Older People Living with Cancer

Peer advocates supporting older people affected by cancer

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Today! Live discussion on the financial cost of cancer

Join today’s live Guardian discussion on the financial cost of cancer.


Today from 12 Noon until 2 pm the Guardian are hosting a live online discussion with a panel of experts in the field and cancer survivors to discuss how patients can manage with what is sometimes a reduced income and higher expenses.

Cancer leaves in its wake not only a host of physical side-effects, but also potentially crippling financial costs.

Four in five cancer patients are hit with an average cost of £570 a month as a result of their illness, according to research by Macmillan Cancer Support.

Why is cancer so expensive? People living with cancer often have reduced earnings and need to find money to cover extra costs such as hospital travel costs and increased fuel bills, amid a gloomy economic climate.

One in three lose on average £860 a month in earnings because they are unable to work or have cut down their hours. Six in seven cancer patients see monthly expenses shoot up by £270 on average.

The financial burden of cancer is not the same for everyone. Those in work, and those with children, are more likely to bear the cost of their illness. The impact for those on low incomes is twice that for those on the highest incomes. And those with a rarer cancer are hit with a bill twice the size as that of someone with colorectal or prostate cancer.

How can employers help? What benefits are available? How can patients deal with the financial cost of cancer?

The panel so far …

Jo Salter, researcher, Demos
Neil Shadbolt, customer diversity manager, HSBC
Sarah Preston, welfare rights adviser, Macmillan Cancer Support
Richard Exell, senior labour market expert, TUC
Neal Southwick, financial support programme lead, Macmillan Cancer Support
Paul Elkins was diagnosed with stage 3 Lymphoma in November 2010. He lost his job, had issues with benefits and incurred direct and indirect costs as a result of his diagnosis
Cynthia Allan was diagnosed with breast cancer in October 2008. She has been unable to return to work after experiencing extreme fatigue and she struggles to pay her bills
Linda Isted, communications manager, Debt Advice Foundation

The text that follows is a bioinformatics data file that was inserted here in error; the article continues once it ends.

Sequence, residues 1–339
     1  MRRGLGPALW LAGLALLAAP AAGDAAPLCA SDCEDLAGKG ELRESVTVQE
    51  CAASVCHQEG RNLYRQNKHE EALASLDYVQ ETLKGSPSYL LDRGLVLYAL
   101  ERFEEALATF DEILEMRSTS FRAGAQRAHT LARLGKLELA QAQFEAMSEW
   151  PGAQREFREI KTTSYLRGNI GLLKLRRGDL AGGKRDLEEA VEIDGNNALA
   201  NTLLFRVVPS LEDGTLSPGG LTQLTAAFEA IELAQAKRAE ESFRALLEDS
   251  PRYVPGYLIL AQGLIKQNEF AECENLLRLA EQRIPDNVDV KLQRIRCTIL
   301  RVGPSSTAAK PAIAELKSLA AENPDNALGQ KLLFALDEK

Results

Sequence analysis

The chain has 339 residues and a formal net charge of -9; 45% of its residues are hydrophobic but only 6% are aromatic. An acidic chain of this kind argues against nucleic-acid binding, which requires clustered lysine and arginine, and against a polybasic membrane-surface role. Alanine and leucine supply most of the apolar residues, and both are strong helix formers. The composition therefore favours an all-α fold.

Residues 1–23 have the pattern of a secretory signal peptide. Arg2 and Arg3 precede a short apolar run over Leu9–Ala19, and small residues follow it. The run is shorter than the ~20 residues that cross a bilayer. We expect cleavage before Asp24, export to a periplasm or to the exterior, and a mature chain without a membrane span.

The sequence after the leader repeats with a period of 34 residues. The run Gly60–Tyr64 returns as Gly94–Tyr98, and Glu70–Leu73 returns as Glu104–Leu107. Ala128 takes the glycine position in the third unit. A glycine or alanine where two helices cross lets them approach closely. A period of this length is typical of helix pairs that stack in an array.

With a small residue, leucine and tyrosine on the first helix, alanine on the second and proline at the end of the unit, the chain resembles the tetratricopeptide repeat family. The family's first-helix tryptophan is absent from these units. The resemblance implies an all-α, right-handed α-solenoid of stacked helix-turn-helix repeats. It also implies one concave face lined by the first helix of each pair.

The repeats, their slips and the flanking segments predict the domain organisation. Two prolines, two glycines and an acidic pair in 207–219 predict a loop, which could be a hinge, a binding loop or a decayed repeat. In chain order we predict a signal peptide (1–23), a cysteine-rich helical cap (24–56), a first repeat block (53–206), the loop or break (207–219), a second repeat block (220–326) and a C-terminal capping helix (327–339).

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Patients deemed too old for treatment

Great news: “Tens of thousands of pensioners diagnosed with cancer have survived for at least a decade.” Bad news: “some patients are being deemed as too old for treatment and are not assessed on their overall fitness.”

A recent article in the Guardian points to research from Macmillan Cancer Support and the National Cancer Intelligence Network (NCIN) which found that more than 130,000 people in the UK have survived for at least 10 years after being diagnosed with cancer at the age of 65 or above. That number included more than 8,000 patients who were diagnosed at the age of 80 and over. But despite the large number of older people who are “long-term” survivors of the disease, Macmillan said many patients in the UK are being denied treatment because they are deemed to be too old. It said that cancer survival rates in this age group are “poor”.

Macmillan pointed out that survival rates in the UK compared badly with those on the continent and warned of what it saw as a worrying trend in the way people are treated.

For many common cancers – including prostate, breast, lung, stomach, ovarian and kidney cancers – the UK and Ireland have a lower five-year survival rate than the rest of Europe.

Age discrimination is something we’re constantly battling against but generally it’s an inconvenience and we’ve got time to do something about it. Being diagnosed with cancer isn’t always the death sentence we think it is but for some older cancer patients it seems it may be since they’re being denied the possibility of curative treatments.

This has to stop NOW!

Our cancer advocacy project, in partnership with Macmillan Cancer Support, is working hard to support older people affected by cancer. Our trained advocates are helping ensure that older people can get past any barriers which prevent access to helpful and life-prolonging treatments.

Health professionals must be supported to realise we’re all different regardless of our age. We all have different physical attributes and different attitudes to life and death. Our age doesn’t suddenly make us homogeneous; we continue to be different throughout our lives and we should be treated as the individuals we are.

Marie McWilliams